“I am not afraid of walking and getting some exercise, but the fact that I have to carry a lot of books to class and a heavy load every day all the way across campus, that I have gotten late to class twice because I can’t park directly in the red zone, and the fact that the shuttle service has not improved upsets me a bit,” said senior commuter Claudia Cruz, who parks in the yellow zone.

According to Sobaram, though, the efficiency and speed of shuttles across campus is improving. Before, 75 of the 200 students getting out of classes in the Flipse Building at the same time would get into their cars to drive to their next class and park in the Pavia garage  or at the School of Communication.

“I’ve timed it in between classes,” Sobaram said. “Shuttles have a hard time getting out of Ponce garage but because 75 people are getting out and causing a traffic jam.”

By not allowing the constant movement of drivers across campus, the new parking system has been able to decrease the amount of inter-campus traffic. 

“Even though we know people are angry – I have had students cry, parents scream at me on the phone – at the end of the day most people are rational people,” Sobaram said. “It’s a better system for the general good of the university, and most people do understand that argument.”

Fixing things

Student Government is hosting its first “SG Comes to U” event, which was one of “Taking U Forward’s” platforms, specifically focused on parking and transportation. The event, which is open to all students, faculty and staff, will take place Sept. 13 at 3:30 p.m. in the International Lounge of the UC. According to SG Press Secretary Mike Piacentino, Sobaram will be present to field questions, but the conversation will mostly be driven by those in attendance.

“Parking affects commuters, so we want commuters to attend this,” said Student Government Vice President Ashley Taggart, who is a commuter. “They’re going to want to say what problems they have with parking.  It’s a transition year, but hopefully they fix the problems that we have.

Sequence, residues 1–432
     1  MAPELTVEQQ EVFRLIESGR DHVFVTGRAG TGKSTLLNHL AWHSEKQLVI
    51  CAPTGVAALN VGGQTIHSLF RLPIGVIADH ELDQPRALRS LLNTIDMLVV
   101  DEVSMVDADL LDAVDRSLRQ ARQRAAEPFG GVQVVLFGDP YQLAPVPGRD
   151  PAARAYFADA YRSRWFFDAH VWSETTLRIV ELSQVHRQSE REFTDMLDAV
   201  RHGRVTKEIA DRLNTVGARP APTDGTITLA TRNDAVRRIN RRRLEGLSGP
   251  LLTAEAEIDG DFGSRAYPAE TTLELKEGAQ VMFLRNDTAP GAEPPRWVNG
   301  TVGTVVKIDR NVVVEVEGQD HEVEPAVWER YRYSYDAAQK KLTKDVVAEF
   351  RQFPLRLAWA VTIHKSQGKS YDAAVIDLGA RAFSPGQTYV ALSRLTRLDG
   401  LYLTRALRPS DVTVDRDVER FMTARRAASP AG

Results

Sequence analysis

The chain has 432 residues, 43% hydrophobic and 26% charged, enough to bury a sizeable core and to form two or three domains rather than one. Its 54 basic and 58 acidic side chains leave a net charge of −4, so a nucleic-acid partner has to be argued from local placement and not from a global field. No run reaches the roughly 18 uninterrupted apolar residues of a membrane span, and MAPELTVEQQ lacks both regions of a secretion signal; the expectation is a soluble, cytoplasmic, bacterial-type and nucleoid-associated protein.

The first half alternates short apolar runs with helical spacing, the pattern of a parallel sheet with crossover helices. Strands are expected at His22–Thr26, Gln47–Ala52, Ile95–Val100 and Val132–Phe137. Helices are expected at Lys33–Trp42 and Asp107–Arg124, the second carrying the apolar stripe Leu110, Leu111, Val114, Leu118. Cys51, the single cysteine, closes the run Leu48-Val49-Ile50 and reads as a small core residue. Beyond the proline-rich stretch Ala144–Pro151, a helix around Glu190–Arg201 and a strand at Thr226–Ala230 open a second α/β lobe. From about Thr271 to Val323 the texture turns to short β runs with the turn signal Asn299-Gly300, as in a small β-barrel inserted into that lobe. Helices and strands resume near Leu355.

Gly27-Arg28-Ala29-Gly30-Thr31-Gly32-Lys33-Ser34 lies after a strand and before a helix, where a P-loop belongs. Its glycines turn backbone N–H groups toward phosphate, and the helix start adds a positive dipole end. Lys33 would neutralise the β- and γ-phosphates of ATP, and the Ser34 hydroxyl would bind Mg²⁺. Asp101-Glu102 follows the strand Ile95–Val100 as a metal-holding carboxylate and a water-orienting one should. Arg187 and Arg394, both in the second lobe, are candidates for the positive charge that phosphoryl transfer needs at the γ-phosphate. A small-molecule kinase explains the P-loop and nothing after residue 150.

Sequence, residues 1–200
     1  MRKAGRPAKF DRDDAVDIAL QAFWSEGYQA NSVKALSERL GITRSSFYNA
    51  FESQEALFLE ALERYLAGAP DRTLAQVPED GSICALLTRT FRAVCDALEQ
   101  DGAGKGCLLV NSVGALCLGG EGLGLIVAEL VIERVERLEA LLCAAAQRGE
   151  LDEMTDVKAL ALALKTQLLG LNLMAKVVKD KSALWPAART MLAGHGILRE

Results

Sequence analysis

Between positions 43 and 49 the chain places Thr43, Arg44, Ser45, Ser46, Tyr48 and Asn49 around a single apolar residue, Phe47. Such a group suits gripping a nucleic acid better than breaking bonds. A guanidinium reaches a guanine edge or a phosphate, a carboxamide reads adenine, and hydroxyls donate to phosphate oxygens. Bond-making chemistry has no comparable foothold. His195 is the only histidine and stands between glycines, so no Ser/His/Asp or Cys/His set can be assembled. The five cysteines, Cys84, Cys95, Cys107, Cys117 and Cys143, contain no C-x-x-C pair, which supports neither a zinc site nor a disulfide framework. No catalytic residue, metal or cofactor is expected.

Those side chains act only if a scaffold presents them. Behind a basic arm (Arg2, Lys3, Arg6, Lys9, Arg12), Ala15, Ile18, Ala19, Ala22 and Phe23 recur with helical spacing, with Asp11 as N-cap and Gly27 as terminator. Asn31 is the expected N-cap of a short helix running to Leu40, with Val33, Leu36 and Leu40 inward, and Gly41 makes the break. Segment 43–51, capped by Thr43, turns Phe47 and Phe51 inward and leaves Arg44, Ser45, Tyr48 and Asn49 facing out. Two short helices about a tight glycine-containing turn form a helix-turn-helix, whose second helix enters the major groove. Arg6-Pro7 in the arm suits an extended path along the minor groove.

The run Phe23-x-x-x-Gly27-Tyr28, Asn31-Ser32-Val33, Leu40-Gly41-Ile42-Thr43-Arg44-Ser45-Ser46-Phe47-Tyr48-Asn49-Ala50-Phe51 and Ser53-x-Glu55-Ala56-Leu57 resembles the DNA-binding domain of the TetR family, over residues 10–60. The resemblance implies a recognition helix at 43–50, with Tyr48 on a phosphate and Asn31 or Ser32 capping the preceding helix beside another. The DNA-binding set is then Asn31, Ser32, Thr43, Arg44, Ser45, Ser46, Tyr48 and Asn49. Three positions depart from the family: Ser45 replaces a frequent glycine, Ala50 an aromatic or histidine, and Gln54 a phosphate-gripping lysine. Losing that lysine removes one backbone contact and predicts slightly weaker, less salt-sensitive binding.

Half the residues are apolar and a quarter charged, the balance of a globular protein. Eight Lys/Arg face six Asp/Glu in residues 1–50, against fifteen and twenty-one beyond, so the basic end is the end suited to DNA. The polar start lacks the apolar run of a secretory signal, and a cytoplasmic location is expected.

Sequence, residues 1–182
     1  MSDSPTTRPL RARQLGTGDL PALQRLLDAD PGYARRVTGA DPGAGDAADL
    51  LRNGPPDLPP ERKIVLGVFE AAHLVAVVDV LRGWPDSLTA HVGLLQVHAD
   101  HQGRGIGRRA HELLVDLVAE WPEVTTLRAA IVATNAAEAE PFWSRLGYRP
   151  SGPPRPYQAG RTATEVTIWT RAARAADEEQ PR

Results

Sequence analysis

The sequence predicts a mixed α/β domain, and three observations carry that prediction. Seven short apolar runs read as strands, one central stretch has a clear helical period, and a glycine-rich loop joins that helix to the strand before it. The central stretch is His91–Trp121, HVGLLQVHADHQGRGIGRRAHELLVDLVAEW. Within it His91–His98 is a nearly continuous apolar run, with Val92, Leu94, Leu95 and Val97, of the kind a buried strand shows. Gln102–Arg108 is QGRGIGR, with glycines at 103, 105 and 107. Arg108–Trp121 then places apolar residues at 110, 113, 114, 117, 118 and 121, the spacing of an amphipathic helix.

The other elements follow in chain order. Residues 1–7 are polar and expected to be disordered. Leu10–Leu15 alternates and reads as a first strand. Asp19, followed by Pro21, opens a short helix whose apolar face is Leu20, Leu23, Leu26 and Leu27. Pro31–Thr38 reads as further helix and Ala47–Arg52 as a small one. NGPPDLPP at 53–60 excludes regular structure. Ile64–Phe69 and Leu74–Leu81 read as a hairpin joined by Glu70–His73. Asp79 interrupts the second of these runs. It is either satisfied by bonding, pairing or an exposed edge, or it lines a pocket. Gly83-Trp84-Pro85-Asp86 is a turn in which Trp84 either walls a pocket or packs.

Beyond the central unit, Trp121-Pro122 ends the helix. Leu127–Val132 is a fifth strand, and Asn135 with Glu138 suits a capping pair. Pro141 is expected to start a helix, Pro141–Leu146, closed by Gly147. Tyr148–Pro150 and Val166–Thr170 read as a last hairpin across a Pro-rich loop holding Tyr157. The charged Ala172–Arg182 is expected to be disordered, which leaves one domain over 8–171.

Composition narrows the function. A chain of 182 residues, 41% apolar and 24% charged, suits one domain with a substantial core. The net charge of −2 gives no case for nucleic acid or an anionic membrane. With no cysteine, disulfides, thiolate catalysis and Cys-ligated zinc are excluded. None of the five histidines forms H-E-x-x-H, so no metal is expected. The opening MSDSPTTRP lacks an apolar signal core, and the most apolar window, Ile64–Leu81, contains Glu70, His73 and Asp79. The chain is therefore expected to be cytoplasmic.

Taggart, for instance, thinks the yellow zone should be divided into a few sections and that the discount parking should be larger.

As a prelude to the event, SG organized an online Facebook question titled “What is your opinion on UM’s new parking system?” As of Wednesday night, 75 percent of the 138 students that voted said that the new parking system is “worse than last year.” Students also have the opportunity of expressing why exactly they like or dislike the system beneath that poll.

The system

The yellow parking zone is comprised of the lots in front of Mahoney Pearson Residential College all the way west to the Wellness Center lots. The red zone is the second largest parking area and stretches from the School of Business past the Memorial Building. The purple zone begins in the lots behind the intramural fields and extends to the School of Music and also has a lot behind the Ungar Building.

“On the first day that the permits were opened up to students, all the purple permits were sold out on the first day. The reds were sold out that it was open to new students,” Sobaram said. “Every returning student has the ability to get the red permit if they wanted to.”

After analyzing data from surveys and taking into account the UM community’s parking worries, the Department of Parking and Transportation decided that parking zones would be the most efficient solution. Building a parking garage near the academic core and another one by the UC, a project which would cost about $15 million, was out of the question.

“I’ve seen parking from both sides – as a student and employee. I know the university from inside and out and I’ve seen it from different perspectives,” said Sobaram, who has two degrees from UM. “We could use that money to make our degrees more valuable.”

The new parking system does not affect current permit costs. A full-year parking permit costs each student and faculty or staff member $444. Drivers also have the option of choosing the green zone, which includes Ponce Garage and the surface lots under the metro rail across from the baseball stadium. The green zone is specifically for discounted parking permits and costs $226.